Nordic Aviation Capital (NAC), which is currently in Chapter 11 bankruptcy protection, has disclosed to the US Bankruptcy Court that it has written down the value of its aircraft portfolio by nearly a third, adding that this has caused the equity value of the company to decrease significantly.

NAC, which is the world’s largest regional aircraft lessor with 475 aircraft, went into US bankruptcy protection after declaring debts totalling US$6.3 billion which it says includes US$5.4 billion in secured debt.

The regional aircraft lessor has now disclosed that it has written down the value of its aircraft portfolio by 31% to US$4.8 billion from US$7 billion.

It has also told the court that it has reached an agreement with creditors to reduce its debt by US$4.3 billion.

The plan involves turning debt into equity as well as selling some assets. The plan also includes a US$537 million infusion of new money into the company in the form of US$337 million equity rights issue and a US$200 million revolving credit facility, it adds.

NAC earlier announced that the company’s existing owners no longer wish to invest in the company and have agreed to let creditors exchange debt obligations for equity in the company.

The existing owners are: Swedish private equity firm EQT (39.94%), the Singapore Government’s investment arm GIC (34.05%) and Martin Moller Nielsen’s Axiom Partners 10. Nielsen is NAC’s founder.

New York investment funds Silver Point Capital and Sculptor Capital Management have reportedly acquired much of NAC’s secured debt – from banks and other financial institutions – and will gain control of the company after it emerges from bankruptcy.

NAC says writing down the value of its aircraft portfolio causes the loan-to-value ratio of NAC’s aircraft to rise rapidly. It also says aircraft values are a key factor in calculating lease rates.

Lessors, including NAC, have been negotiating lease rates down in an effort to keep aircraft on lease with airlines and other air operators.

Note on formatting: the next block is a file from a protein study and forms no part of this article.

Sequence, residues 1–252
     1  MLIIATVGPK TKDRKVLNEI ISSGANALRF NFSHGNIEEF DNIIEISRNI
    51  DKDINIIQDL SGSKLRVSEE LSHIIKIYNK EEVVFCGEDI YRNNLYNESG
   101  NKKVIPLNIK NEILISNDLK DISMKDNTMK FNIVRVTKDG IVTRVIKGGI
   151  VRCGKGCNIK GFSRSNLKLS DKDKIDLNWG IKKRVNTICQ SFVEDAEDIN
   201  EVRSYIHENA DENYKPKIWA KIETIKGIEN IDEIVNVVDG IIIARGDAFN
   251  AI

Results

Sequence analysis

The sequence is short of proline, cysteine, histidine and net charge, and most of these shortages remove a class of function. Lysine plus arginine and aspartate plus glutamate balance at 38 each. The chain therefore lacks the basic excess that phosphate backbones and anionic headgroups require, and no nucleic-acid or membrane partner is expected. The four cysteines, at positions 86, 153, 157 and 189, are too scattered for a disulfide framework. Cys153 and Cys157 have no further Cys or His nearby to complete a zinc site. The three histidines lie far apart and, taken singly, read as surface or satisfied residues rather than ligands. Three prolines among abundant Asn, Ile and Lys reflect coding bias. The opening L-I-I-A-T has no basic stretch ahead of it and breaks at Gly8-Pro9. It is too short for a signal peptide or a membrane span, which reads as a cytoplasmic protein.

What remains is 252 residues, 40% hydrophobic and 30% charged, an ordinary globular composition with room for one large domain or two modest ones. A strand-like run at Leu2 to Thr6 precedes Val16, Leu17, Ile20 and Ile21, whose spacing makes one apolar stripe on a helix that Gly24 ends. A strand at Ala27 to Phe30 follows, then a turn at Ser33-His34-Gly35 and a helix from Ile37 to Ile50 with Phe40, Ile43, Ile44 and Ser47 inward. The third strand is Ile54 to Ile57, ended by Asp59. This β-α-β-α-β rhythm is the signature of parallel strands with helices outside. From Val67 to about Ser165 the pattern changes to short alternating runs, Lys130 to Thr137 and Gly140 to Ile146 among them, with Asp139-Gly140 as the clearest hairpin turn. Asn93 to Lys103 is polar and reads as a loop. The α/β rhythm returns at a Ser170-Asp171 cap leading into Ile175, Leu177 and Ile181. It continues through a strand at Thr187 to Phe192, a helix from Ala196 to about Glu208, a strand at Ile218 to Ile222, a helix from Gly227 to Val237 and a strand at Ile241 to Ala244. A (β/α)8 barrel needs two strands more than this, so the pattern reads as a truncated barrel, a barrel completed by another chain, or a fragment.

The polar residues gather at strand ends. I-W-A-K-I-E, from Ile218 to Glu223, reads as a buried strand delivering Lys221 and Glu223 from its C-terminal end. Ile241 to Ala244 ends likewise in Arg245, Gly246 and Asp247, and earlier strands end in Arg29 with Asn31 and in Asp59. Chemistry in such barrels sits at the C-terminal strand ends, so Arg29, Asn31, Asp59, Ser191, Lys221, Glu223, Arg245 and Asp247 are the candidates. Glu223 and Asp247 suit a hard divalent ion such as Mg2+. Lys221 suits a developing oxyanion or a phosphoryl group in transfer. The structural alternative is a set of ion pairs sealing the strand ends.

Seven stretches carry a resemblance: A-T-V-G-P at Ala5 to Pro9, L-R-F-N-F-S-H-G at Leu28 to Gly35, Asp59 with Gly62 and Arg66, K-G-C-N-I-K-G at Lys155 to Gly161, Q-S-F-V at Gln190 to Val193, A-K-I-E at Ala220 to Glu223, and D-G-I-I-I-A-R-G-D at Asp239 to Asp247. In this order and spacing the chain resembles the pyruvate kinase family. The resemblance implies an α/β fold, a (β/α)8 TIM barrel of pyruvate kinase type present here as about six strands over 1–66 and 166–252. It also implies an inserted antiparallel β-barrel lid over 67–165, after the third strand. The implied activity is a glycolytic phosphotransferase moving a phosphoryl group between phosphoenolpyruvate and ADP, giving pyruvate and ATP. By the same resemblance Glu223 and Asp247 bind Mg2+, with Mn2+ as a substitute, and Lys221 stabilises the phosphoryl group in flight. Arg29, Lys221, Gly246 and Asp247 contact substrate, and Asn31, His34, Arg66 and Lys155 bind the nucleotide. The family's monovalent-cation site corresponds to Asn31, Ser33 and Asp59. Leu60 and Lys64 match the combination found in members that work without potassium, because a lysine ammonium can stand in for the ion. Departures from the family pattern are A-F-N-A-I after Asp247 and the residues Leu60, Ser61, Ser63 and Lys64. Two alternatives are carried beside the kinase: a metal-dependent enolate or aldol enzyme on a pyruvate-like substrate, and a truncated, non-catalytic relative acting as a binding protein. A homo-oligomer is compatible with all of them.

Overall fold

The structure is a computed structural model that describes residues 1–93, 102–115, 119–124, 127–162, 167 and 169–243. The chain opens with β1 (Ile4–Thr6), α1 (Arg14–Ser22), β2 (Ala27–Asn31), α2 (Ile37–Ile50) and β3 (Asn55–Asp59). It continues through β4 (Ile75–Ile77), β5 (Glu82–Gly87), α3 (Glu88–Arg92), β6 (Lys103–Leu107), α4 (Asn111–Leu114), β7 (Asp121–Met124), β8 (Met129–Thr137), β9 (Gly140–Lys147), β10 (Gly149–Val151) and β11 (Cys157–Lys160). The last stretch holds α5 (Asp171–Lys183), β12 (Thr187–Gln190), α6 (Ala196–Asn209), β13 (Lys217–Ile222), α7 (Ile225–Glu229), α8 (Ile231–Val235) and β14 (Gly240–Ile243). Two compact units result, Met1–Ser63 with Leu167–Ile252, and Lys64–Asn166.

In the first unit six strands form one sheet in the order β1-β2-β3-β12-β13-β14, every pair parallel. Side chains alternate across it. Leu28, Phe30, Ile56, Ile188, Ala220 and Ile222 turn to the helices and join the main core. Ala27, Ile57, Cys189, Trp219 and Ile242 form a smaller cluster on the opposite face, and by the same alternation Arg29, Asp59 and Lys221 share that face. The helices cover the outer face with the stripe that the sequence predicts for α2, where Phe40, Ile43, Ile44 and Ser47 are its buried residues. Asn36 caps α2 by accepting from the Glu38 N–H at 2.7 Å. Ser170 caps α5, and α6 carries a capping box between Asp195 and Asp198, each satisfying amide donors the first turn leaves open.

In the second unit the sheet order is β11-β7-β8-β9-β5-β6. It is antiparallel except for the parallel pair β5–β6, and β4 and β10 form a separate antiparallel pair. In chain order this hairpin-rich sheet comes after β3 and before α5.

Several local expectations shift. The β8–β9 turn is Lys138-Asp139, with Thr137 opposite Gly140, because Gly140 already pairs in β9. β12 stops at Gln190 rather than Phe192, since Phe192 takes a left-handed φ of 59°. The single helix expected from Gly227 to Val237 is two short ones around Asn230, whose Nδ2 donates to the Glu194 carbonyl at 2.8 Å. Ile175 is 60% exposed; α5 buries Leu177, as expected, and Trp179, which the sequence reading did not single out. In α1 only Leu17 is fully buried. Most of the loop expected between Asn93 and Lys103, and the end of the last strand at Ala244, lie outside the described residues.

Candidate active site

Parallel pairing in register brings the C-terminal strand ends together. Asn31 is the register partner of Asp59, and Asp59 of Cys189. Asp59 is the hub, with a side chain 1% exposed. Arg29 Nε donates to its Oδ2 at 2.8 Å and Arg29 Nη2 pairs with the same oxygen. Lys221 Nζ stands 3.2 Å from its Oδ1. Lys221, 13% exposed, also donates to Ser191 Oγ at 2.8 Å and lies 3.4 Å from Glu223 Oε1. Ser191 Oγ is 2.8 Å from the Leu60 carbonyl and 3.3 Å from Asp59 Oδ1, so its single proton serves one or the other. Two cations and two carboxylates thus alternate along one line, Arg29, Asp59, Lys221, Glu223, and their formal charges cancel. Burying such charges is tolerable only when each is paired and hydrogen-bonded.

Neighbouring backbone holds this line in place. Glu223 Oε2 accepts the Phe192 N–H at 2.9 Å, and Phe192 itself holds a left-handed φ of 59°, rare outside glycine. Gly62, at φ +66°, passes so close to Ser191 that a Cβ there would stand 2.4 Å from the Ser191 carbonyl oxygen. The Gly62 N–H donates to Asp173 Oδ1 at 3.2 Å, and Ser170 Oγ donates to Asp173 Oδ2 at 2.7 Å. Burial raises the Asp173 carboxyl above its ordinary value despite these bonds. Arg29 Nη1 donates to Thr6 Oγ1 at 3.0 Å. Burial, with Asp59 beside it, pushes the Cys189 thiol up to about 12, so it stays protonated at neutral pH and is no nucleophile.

NAC also mentions in documents to the court that it is now trying to remarket the 12 Bombardier CRJ1000 aircraft that it has on lease to Garuda Indonesia “to effectuate a consensual termination of the lease.” Garuda announced last year that it wanted to return the aircraft to NAC before the lease expires.

While NAC is able to move ahead with its debt restructuring plan because it appears to have reached a general consensus with its creditors, it does mention one creditor that thinks otherwise.

NAC says German bank Norddeutsche Landesbank Girozentrale exercised in August “its right to terminate the Forbearance Agreement with respect to itself and exercised its share charge over the shares in NAC Aviation 9 Limited, which owns five planes.”

“Following the share enforcement, an Irish liquidator was appointed, and NAC Aviation 9 Limited is in the process of being liquidated,” it adds.

UK-based aircraft remarketing company Airstream says in a statement that the administrator –  Declan Taite and Anne O’Dwyer – has appointed it to find buyers for four of the aircraft from NAC Aviation 9 Limited.

It says the four aircraft are De Havilland Aircraft of Canada Dash 8-400s – with  manufacturer’s serial numbers 4234, 4239, 4245 and 4250 – and all are stored at maintenance facilities in Bratislava, Slovakia.

NAC had leased the aircraft to German regional carrier LGW Luftfahrtgesellschaft Walter, which later went into voluntary administration in April 2020 following the loss of its wet-lease contract with Lufthansa’s Eurowings.

The fifth aircraft under NAC Aviation 9 Limited is also a Dash 8-400 which is now reportedly on lease with Cobham Aviation Services in Australia.